“[A]spects of the Chair’s Facebook Page bear the hallmarks of a public forum. Randall “intentionally open[ed the public comment section of the Chair’s Facebook Page] for public discourse,” inviting “ANY Loudoun citizen” to make posts to the comments section of the Chair’s Facebook Page—the interactive component of the page—“on ANY issues, request, criticism, complement or just your thoughts”. . . .

The Supervisor was thus liable under the First Amendment for blocking a member of the public from commenting on her County Chair Facebook page, after the individual criticized the Loudoun Board.

For public agencies and officials, this Davison case shows the risks in blocking users, or in removing publicly posted content on platforms used for official purposes.  Davison is not binding precedent in California, but courts in this state could choose to follow it.

2.) Knight First Amendment Institute v. Trump (2d Cir.) – this high-profile case is currently pending in the U.S. Court of Appeals for the Second Circuit (covering New York, Connecticut, and Vermont). The Court must decide whether President Trump’s Twitter page, @realDonaldTrump, constitutes a public forum and whether the President infringed the First Amendment rights of individuals he barred from his page. The individual plaintiffs, who are social media commentators, sued President Trump for blocking their access to his Twitter page allegedly because of the viewpoints they expressed.  Trump contends that his Twitter account pre-dated his tenure as President, and constituted a private platform not subject to First Amendment restrictions, based on the variety of ways (both personal and governmental) in which he used it.

The Trial Court determined that Trump’s Twitter account is, in fact, a public forum for First Amendment purposes.  First, the Court found it was effectively a government-run space.  The Court described that the President used the page to carry out the duties of his office, observing; “the @realDonaldTrump account has been used in the course of the appointment of officers (including cabinet secretaries), the removal of officers, and the conduct of foreign policy — all of which are squarely executive functions . . . .”  The Court went on to find the interactive part of the page, in which users had the ability to comment and exchange views, constituted a public forum.  The Court observed: “The interactivity of Twitter is one of its defining characteristics, and indeed, the interactive space of the President’s tweets accommodates a substantial body of expressive activity.”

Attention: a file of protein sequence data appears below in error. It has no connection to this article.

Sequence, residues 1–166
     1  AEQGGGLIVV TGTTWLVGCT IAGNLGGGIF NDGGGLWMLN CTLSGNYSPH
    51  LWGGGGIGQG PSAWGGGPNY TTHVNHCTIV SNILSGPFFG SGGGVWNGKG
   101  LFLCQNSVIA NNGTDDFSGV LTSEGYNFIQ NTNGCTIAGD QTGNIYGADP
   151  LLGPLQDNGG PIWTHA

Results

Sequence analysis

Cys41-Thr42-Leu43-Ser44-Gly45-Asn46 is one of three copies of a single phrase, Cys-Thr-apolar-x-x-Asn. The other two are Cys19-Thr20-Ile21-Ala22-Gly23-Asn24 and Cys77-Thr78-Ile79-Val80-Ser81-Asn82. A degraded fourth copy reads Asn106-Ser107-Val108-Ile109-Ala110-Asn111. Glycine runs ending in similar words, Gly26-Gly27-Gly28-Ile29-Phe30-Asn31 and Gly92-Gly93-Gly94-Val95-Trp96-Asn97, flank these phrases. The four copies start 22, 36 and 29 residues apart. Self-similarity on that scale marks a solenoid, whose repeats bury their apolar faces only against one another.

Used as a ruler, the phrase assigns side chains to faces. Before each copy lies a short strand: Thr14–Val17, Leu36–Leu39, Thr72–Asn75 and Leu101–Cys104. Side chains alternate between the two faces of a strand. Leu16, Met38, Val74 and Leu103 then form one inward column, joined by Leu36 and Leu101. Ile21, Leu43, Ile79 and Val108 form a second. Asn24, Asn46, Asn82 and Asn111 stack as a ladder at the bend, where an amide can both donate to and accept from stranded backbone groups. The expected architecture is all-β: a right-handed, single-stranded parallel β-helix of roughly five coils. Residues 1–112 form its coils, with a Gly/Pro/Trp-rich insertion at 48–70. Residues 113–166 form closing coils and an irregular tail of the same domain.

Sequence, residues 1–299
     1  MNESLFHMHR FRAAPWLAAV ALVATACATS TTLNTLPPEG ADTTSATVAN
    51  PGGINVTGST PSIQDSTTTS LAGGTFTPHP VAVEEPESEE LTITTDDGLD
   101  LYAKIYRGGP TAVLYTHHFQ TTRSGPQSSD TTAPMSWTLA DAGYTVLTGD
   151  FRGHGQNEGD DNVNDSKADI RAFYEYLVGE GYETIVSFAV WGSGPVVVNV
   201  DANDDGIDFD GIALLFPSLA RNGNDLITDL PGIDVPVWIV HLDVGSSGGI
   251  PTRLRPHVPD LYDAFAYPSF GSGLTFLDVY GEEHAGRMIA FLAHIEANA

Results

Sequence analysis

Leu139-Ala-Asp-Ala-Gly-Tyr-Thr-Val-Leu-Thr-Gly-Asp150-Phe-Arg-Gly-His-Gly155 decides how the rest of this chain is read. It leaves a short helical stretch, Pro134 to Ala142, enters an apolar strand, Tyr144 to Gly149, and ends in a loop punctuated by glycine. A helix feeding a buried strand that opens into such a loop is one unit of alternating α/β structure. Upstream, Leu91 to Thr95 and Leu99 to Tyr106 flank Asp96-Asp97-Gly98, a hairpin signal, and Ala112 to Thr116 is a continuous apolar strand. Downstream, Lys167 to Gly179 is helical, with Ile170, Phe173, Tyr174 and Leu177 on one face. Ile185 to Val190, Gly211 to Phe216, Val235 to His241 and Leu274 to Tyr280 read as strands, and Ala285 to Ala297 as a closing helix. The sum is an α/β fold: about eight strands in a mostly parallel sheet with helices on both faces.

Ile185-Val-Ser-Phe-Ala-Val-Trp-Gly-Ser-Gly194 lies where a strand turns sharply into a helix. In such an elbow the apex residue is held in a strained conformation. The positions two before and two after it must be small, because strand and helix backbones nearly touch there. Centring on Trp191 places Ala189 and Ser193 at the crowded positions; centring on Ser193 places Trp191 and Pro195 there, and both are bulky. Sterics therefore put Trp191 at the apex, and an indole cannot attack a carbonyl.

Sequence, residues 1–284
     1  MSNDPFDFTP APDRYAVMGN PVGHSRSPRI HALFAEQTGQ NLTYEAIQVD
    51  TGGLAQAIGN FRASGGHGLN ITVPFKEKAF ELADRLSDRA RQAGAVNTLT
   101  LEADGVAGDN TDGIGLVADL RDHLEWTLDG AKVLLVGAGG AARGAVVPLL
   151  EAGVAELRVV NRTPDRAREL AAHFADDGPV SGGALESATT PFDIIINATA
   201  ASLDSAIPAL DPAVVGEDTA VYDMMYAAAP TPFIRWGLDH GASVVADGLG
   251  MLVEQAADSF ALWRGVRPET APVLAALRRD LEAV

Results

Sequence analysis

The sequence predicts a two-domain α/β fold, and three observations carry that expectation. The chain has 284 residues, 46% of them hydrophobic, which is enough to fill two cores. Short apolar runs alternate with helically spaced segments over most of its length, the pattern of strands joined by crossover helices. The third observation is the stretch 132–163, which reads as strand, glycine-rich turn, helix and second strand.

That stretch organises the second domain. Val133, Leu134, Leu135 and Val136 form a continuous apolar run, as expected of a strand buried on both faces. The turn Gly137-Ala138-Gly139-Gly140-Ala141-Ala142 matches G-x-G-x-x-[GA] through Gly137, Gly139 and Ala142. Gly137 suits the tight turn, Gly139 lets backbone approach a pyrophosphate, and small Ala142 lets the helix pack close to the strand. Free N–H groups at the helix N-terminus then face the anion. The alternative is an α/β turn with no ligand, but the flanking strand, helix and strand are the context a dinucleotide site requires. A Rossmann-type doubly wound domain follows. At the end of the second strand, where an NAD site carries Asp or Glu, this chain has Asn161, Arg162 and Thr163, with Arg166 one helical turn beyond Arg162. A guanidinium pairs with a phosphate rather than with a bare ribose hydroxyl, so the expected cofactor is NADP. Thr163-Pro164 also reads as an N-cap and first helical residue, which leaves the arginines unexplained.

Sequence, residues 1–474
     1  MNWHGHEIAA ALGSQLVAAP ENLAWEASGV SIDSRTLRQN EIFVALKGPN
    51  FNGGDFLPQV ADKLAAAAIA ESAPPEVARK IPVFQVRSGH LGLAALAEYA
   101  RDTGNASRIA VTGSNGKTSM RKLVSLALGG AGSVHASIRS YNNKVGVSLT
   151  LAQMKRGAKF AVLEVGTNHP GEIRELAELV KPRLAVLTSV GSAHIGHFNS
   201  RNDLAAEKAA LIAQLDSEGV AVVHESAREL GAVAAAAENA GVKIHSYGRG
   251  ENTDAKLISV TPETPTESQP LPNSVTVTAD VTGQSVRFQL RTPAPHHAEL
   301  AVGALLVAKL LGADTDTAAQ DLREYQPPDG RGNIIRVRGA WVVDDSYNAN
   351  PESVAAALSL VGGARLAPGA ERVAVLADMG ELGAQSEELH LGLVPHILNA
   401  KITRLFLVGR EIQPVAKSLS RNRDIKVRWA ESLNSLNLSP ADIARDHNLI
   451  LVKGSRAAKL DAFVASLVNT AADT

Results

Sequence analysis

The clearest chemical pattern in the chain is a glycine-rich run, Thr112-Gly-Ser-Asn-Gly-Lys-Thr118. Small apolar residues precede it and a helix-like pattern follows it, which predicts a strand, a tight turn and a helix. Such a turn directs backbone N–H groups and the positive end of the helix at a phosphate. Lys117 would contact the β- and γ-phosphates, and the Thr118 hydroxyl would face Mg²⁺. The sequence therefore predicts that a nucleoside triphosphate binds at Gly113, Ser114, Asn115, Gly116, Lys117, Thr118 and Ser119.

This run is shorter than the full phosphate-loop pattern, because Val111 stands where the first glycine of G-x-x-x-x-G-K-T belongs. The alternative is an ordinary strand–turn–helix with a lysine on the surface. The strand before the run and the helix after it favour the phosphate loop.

The Court of Appeals heard oral argument in the appeal on March 26, 2019, and is expected to issue its decision soon.

For public agencies and officials, the Knight case will shed light on the circumstances under which social media accounts that host public comments will have to abide by the First Amendment, and will likely contain some discussion relating to when and how public agencies and officials can moderate comment when the First Amendment does apply.  Like Davison, the Knight case will not serve as binding precedent in California, but courts in this state may find its reasoning persuasive.

3.) Prager University v. Google, LLC (9th Cir.) — this case is currently pending in the U.S. Court of Appeals for the Ninth Circuit (covering Western states including California). It involves one of the most cutting-edge legal issues in First Amendment law: does the First Amendment in fact apply to privately run social media platforms? The case involves YouTube, which is a subsidiary of Google.  It is well-established law that the provisions of the U.S. Constitution like the First Amendment only restrict government conduct, not the conduct of private companies or individuals acting outside any government capacity.  Rare exceptions exist, however, for private organizations that engage in “state action” by taking on traditional governmental roles.  There is also a1946 U.S. Supreme Court case, Marsh v. Alabama, which held that a privately owned “company town” was subject to the First Amendment.  In that case, the Court held that a private company that controlled a whole town could not censor speech by having criminal sanctions imposed against those who entered the town to engage in expressive activity (in that case, Jehovah’s Witnesses who wished to hand out literature).